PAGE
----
How big is big data? How we could run out of data storage capacity and how digital DNA storage might provide an answer.
Size does matter, doesn't it? Well, we are hardly talking about the 22% men who responded to a survey with "large", considering their penis size. While in the last century world leaders competed for territory, this century is the data era. It seems that data is the new oil. So our data team asked: How big is big?
The Smallest Bits and Pieces
Data is the new oil - just as valuable and just as difficult to mine, model and manage. Although the Internet appears an elusive mystery, it is ultimately hard wires.
A bit is the basic unit of computing information and can only one of two values: 1/0 yes/no true/false +/-. Physically it needs to be stored on a device with two states, like an electric wire.
Eight bits make a byte - which happens to be the amount needed to represent the letters in the alphabet. Similar to finance, the numbers are so big or so small that it is difficult to get a grip of what's what.
Here are a few numbers to navigate you around size:
- To recreate the natural matter of the average John Smith down to the quantum level on a computer is about 2090 bits (see Bekenstein bound for the basis for this calculation).
- In April 2014 the growth rate of the Facebook data warehouse was 0.6 PB/day.
- An average sized compressed Wikipedia article will add up to about 9.2 GiB.
Does it Fit?
The Senior VP of Seagate, one of the largest data storage companies in the world, has uttered concerns about our future storage capacity gap. We just don’t have space to store the growing quantity of data from the Internet of Things and our insatiable appetite. At this rate, by 2020, we could be producing, even at a conservative estimate, 44 zettabytes of data annually. That’s 44 with 21 zeros after it.
Our thirst for data storage has been exponential since around the 1980s. The relatively recent birth of the Internet of Things would suggest a continuing trend. If you hover over the horizontal pink lines you'll see the storage formats which have been getting more and more powerful over the years.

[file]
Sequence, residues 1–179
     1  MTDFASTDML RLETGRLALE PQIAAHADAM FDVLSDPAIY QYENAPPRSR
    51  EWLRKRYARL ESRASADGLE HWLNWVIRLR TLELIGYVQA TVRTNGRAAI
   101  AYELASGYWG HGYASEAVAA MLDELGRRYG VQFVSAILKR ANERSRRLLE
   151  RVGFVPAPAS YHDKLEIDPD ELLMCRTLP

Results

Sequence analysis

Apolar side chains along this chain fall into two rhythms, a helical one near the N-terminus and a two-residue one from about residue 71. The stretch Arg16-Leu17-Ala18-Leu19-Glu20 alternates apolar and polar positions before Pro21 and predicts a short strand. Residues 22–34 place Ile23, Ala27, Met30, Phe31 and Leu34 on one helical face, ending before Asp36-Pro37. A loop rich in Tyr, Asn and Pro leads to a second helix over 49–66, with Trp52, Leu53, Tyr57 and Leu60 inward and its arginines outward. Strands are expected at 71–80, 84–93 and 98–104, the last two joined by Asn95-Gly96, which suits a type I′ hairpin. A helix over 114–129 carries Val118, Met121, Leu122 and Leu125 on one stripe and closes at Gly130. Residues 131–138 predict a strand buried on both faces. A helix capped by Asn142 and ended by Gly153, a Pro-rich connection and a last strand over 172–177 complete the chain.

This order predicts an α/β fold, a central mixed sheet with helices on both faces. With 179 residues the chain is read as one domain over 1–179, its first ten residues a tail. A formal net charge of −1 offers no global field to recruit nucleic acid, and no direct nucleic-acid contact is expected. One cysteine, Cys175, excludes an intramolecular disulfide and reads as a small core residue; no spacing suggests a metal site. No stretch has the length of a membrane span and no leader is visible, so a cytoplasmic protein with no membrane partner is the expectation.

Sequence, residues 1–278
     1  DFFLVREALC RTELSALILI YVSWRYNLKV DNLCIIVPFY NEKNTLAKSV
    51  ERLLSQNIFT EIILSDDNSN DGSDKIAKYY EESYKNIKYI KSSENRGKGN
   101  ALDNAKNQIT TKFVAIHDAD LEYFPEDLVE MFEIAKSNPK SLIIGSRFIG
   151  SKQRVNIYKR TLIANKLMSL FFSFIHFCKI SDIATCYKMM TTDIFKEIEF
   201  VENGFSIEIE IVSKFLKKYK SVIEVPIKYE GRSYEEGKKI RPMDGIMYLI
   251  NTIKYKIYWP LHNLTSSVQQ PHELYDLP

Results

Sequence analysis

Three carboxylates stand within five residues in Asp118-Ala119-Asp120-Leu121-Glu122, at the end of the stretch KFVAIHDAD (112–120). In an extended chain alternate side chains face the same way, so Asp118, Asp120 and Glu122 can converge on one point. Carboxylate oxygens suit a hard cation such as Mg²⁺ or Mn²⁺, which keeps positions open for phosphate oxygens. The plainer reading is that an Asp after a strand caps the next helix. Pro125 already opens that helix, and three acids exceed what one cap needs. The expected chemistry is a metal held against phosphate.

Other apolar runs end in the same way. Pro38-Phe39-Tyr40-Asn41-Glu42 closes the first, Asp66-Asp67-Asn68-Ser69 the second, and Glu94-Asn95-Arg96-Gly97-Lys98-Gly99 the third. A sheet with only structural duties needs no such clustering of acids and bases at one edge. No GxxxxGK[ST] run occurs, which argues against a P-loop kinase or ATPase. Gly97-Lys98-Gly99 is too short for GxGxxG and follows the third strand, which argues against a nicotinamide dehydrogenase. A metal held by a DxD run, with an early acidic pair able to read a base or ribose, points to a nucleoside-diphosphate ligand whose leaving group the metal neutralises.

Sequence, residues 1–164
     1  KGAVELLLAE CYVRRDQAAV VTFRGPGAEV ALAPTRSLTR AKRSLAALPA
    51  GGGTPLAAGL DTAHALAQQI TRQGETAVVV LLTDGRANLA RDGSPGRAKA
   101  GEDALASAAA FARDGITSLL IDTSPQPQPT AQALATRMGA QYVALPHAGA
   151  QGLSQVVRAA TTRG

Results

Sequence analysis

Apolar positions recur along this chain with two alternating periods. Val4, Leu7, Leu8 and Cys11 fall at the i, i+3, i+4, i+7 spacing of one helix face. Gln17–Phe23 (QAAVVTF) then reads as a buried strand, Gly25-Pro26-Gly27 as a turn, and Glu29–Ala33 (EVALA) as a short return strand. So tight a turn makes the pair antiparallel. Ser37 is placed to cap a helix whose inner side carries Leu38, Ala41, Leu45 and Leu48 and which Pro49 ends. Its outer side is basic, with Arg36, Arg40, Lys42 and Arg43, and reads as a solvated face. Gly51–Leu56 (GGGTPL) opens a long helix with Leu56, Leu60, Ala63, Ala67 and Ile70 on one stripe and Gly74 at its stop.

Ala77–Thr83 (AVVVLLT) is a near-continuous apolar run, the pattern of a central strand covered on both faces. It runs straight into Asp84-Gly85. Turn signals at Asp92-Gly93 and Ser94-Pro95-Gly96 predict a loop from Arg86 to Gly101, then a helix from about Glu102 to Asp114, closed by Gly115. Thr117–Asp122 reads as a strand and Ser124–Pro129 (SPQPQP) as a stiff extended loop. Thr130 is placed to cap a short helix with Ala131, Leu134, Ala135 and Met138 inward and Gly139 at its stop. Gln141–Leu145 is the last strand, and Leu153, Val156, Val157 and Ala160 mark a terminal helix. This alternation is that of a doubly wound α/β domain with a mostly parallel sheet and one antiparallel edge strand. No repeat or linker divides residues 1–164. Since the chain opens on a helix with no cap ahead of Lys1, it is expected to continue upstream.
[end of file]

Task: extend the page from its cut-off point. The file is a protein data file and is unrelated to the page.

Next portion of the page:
nuviun Quiz: Are You a Real Big Data Nerd?
Mother nature’s solution to data storage is DNA. DNA is super data dense and super stable - much more than anything else we have produced artificially. The Wyss Institute for Biomedical Engineering at Harvard has managed to smash the data density storage record by biomimicry.
Rather than binary data being encoded as magnetic regions, strands of synthetic DNA that store 96 bits of data with each of the bases representing a binary value (T and G = 1, and A and C = 0).
The Lifespan of Storage Media
One gram of DNA can store thousands of DVDs in a droplet that would fit on the tip of your pinky. To store that on hard drives, our densest storage medium today, you would need 151 kg of drives.
Dr. Church and his Harvard team successfully stored his latest book and made 70 billion copies - roughly triple the sum of the top 100 books of all time.
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Man Merges with Machine
The brain is a series of chemical and electrical signals and the crossover from human to technology is merging on several fronts. Think back to the two-mode on/off bit. A Brazilian rat managed to control an American rat simply by thinking.
Admittedly a very simple task (pull lever - get food) this is the beginning of, well, telepathy. In the book Regenesis the team discusses the possibility of inserting synthetic DNA into our own. Is the boundary between man and machine merging?